There's a completely decent reason to keep DOMA in place for the time being, especially in the federal courts right now - where bad precedents could wound us in the future. But to file an actual brief re-stating some of the worst and most denigrating arguments against gay civil equality is just bizarre. They could have argued for a narrow ruling or kept the "reasonable" arguments to a minimum. What they did - without any heads up to any of their gay supporters and allies - is unconscionable. Citing incest precedents? Calling gay couples free-loaders? Arguing that our civil rights are not impinged because we can marry someone of the opposite sex? Who on earth decided that that was a great idea? Marc is right that this will be simply incomprehensible to most gay people. To have unloaded it after refusing to do anything on DADT, after failing to lift the HIV travel ban, after punting on even pure symbolism like hate crimes - well, it's no way to treat those who worked their butts off to elect you, as all the major groups have now said:
We disagree with many of the administration's arguments, for example that DOMA is a valid exercise of Congress's power, is consistent with Equal Protection or Due Process principles, and does not impinge upon rights that are recognized as fundamental. We are also extremely disturbed by a new and nonsensical argument the administration has advanced suggesting that the federal government needs to be "neutral" with regard to its treatment of married same-sex couples in order to ensure that federal tax money collected from across the country not be used to assist same-sex couples duly married by their home states.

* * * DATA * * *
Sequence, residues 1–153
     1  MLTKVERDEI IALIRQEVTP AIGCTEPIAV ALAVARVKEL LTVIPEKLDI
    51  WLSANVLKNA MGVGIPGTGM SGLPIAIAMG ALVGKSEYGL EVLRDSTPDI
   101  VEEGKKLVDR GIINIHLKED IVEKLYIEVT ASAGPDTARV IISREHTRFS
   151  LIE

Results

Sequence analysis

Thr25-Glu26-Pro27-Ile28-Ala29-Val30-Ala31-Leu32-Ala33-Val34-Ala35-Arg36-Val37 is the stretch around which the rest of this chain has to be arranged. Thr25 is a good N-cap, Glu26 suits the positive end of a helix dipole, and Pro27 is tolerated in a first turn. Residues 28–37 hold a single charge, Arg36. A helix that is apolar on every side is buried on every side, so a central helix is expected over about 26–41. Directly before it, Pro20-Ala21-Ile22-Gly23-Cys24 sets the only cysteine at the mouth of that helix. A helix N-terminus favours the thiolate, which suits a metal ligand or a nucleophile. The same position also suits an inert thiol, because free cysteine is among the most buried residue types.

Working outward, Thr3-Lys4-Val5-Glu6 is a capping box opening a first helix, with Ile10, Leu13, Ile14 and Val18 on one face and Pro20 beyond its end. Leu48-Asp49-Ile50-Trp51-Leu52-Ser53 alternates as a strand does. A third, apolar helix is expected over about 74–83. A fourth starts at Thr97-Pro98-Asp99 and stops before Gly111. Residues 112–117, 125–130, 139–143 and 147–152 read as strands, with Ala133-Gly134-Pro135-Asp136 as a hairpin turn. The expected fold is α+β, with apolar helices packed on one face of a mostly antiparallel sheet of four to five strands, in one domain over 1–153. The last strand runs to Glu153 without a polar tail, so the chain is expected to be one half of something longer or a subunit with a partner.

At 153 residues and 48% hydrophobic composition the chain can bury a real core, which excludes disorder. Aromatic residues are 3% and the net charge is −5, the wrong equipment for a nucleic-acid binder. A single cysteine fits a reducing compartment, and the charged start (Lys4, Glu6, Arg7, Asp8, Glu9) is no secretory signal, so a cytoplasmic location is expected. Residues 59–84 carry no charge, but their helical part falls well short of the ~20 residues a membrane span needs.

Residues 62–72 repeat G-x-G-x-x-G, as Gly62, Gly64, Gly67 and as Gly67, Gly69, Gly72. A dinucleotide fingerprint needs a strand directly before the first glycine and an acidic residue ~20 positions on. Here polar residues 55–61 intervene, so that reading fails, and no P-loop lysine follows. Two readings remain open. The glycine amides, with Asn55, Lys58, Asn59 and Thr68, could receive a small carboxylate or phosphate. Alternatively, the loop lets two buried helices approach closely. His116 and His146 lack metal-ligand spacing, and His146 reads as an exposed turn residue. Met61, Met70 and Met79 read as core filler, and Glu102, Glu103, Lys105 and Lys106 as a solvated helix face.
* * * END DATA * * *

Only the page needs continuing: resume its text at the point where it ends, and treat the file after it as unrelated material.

There is nothing "neutral" about the federal government's discriminatory denial of fair treatment to married same-sex couples: DOMA wrongly bars the federal government from providing any of the over one thousand federal protections to the many thousands of couples who marry in six states. This notion of "neutrality" ignores the fact that while married same-sex couples pay their full share of income and social security taxes, they are prevented by DOMA from receiving the corresponding same benefits that married heterosexual taxpayers receive. It is the married same-sex couples, not heterosexuals in other parts of the country, who are financially and personally damaged in significant ways by DOMA. For the Obama administration to suggest otherwise simply departs from both mathematical and legal reality.
I'm baffled by this, I really am. The content of this brief is a massive political error from an administration that is making it impossible for its gay supporters to stay supportive. What's next? A Clintonian political ad boasting of these arguments?